The No Child Left Behind Act of 2001 (NCLB) is the most significant and controversial change in federal education policy since the federal government assumed a major role in education in the 1960s. It expands the federal role in education, requires states to develop and implement a test-based accountability system based on criteria established by the federal government, and specifies a timeline for when students must demonstrate proficiency as measured by reading and mathematics assessments. For those schools not meeting the state-defined proficiency criteria, the law contains funding set asides and sanctions based on theories of competition as a strategy for school reform. To meet these requirements, it promises large increases in federal aid.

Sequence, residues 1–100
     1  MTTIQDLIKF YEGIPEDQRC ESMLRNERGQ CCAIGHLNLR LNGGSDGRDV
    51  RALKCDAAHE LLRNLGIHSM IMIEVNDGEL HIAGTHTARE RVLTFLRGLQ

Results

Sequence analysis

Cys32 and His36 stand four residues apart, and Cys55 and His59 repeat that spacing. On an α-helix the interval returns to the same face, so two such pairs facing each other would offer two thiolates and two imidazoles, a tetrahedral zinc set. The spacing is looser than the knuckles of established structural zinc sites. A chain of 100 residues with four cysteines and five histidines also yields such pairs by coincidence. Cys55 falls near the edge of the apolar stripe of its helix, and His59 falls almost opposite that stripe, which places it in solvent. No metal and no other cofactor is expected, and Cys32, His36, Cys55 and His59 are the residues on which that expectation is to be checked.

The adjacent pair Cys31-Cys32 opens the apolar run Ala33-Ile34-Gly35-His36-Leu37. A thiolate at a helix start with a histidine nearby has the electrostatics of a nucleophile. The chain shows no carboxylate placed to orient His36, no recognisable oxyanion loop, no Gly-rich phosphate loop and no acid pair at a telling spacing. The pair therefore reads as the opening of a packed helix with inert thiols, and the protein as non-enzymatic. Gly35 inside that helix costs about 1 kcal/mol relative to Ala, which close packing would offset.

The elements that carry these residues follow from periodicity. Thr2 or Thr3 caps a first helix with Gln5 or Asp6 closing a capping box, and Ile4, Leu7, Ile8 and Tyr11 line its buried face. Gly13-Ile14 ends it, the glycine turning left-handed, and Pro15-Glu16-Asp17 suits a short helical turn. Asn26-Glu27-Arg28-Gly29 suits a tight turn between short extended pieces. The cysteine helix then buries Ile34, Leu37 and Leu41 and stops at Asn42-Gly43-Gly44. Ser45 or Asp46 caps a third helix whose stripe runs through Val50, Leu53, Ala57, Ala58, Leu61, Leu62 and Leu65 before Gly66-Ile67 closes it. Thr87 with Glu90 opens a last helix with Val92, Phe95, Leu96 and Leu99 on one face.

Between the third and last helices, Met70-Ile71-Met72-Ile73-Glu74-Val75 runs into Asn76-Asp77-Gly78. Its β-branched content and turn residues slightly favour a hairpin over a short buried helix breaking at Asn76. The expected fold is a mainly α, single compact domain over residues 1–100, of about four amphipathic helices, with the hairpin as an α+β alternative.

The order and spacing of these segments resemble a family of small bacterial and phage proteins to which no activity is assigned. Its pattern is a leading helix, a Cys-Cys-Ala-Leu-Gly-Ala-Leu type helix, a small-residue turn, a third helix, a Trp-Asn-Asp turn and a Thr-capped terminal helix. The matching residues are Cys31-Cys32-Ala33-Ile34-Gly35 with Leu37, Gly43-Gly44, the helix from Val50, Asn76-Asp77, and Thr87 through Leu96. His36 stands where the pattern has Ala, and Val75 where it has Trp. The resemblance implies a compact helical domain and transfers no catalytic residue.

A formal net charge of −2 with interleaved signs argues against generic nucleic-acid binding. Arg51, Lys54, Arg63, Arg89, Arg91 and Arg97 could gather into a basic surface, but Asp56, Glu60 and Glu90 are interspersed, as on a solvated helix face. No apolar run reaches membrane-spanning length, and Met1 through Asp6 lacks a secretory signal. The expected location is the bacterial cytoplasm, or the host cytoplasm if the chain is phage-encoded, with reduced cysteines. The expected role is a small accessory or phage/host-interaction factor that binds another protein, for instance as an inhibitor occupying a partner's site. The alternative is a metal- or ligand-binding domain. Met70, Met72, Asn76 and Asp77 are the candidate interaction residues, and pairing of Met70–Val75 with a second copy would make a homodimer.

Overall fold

NCLB reauthorized the Elementary and Secondary Education Act (ESEA). Since its ...

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